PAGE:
The interpreter for “American Sniper” Chris Kyle has spoken out about President Donald Trump’s controversial block on refugees in the United States for 120 days and the barring of visa entry from citizens of seven countries.
Johnny Walker, who worked as Kyle’s Iraqi translator during the Iraq War, told Independent Journal Review: “I agree 100% with President Trump’s decision. The national security of the United States is a paramount issue.”
“All President Trump is doing is ensuring that people can go about their day without living in so much fear. Women won’t have to worry about walking around the mall; kids won’t have to worry about going to the school,” he said.
Walker added that many of the countries on the list—which include Libya, Iran, Iraq, Syria, Sudan, Yemen, and Somalia—”don’t have a database that keeps track of its citizens.”
“It wouldn’t be hard for someone to get into the U.S. whose loyalty lies with ISIS or a militia aligned with Iran. While the militia isn’t necessarily our enemy right now, they don’t have loyalty to the U.S., they are loyal to the interests of the government that funds them. And that government says “Death to America,” he added. “ISIS’s strongholds are in Iraq and Syria. We all know what they want to do to Americans.”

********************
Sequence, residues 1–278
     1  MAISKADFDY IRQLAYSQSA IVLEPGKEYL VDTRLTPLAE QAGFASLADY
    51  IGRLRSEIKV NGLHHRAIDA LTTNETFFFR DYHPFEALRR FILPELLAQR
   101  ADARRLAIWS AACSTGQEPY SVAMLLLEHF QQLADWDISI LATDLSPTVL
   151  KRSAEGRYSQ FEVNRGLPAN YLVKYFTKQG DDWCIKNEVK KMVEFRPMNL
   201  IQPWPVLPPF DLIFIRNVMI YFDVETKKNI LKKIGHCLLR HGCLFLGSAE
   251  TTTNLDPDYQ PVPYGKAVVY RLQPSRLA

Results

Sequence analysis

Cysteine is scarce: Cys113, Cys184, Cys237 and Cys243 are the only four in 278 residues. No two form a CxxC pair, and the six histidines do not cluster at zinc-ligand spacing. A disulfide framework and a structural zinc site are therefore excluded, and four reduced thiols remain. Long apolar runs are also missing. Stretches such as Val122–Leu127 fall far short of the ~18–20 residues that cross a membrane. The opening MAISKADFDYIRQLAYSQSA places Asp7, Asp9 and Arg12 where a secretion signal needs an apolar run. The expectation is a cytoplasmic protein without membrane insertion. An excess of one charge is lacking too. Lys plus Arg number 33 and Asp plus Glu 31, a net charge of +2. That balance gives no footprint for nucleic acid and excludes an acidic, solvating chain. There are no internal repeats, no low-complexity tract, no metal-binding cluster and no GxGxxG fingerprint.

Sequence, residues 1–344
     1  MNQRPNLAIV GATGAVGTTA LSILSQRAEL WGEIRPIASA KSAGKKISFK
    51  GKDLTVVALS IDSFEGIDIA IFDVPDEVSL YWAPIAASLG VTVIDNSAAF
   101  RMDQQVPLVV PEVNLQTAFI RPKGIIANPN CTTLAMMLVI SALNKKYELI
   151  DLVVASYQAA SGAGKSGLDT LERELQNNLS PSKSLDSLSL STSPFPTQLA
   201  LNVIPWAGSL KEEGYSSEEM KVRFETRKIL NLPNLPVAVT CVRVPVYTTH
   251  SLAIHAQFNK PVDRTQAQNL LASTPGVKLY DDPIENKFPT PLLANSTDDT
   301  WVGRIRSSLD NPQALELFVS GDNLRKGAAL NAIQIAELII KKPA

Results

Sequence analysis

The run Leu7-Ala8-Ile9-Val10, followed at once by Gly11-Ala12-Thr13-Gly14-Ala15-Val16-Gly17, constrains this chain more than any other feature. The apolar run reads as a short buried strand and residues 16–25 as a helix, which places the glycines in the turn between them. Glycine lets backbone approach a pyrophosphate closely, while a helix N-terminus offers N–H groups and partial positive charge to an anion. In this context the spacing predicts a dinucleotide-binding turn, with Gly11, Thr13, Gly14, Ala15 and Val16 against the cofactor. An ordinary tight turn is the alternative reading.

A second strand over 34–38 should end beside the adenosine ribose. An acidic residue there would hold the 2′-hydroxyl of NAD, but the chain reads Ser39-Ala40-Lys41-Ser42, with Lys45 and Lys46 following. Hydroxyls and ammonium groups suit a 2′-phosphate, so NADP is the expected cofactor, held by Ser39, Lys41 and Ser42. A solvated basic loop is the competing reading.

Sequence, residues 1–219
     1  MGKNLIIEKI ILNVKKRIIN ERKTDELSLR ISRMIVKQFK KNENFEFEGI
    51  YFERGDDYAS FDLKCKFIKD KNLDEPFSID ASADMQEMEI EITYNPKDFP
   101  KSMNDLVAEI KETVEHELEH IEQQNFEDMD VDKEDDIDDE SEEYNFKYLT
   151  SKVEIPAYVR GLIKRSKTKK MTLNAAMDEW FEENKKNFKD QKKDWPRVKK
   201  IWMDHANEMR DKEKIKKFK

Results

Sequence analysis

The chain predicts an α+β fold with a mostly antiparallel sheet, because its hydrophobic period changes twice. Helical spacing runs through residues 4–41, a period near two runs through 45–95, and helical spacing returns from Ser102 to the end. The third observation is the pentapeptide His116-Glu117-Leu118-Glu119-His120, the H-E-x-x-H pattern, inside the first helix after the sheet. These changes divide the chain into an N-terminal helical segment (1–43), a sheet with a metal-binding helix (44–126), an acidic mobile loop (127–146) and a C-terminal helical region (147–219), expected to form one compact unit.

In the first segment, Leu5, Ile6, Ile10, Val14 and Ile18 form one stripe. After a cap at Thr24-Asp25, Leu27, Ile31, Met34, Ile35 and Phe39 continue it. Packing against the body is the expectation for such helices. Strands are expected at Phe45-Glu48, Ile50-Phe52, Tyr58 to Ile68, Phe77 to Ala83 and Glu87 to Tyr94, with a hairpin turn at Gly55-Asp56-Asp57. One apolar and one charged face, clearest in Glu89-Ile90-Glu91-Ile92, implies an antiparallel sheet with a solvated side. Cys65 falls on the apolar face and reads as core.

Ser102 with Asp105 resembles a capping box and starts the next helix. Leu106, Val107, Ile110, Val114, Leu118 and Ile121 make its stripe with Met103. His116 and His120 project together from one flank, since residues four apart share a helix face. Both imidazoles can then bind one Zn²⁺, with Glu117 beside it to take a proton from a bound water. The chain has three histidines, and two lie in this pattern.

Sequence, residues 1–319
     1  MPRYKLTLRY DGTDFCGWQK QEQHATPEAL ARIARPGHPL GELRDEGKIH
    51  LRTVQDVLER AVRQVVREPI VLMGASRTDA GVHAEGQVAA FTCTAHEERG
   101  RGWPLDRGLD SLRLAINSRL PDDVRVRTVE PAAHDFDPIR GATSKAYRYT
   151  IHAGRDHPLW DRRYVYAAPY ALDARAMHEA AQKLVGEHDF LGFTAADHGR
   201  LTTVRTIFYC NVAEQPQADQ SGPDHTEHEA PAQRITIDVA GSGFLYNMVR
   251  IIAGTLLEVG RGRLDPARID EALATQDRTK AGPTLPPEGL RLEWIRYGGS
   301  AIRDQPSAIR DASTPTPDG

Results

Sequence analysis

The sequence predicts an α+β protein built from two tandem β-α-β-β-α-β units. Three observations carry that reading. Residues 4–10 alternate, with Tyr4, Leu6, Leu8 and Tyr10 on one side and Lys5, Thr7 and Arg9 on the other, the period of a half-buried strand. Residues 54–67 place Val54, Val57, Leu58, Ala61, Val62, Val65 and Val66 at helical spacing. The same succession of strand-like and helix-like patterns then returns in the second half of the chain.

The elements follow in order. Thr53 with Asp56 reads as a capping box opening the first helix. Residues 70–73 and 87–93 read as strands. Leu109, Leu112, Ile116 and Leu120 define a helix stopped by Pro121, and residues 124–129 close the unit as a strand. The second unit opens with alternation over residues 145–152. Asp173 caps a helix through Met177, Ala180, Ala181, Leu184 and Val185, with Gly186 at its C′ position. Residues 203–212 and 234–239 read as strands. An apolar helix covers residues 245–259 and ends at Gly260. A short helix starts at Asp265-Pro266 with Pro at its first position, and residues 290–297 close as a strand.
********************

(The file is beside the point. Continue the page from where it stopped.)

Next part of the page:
Trump’s order on Friday has been met with much criticism and protests over the weekend—namely after some people from those seven countries were detained at airports.
— Mike Metcalf (@aggie1ge) January 29, 2017
The American Civil Liberties Union, or ACLU, slammed Trump’s order, even mocking him when a New York judge on Saturday placed a temporary block in response.
“I hope Trump enjoys losing,” ACLU national political director Faiz Shakir told Yahoo News. “He’s going to lose so much we’re going to get sick and tired of his losing,” he added.
The ACLU wrote on Twitter: “Our courts today worked as they should as bulwarks against government abuse or unconstitutional policies and orders.”
The move was also met with criticism from House and Senate Democrats and some Republicans.
Sens. John McCain and Linsey Graham, both Republicans, issued a joint statement that read: “It is clear from the confusion at our airports across the nation that President Trump’s executive order was not properly vetted. We are particularly concerned by reports that this order went into effect with little to no consultation with the Departments of State, Defense, Justice, and Homeland Security.”
But the Department of Homeland Security, in a statement, says it won’t budge on Trump’s orders and will “will continue to enforce all” of them.
“Trump’s Executive Order affects a minor portion of international travelers, and is a first step towards reestablishing control over America’s borders and national security,” the statement continues.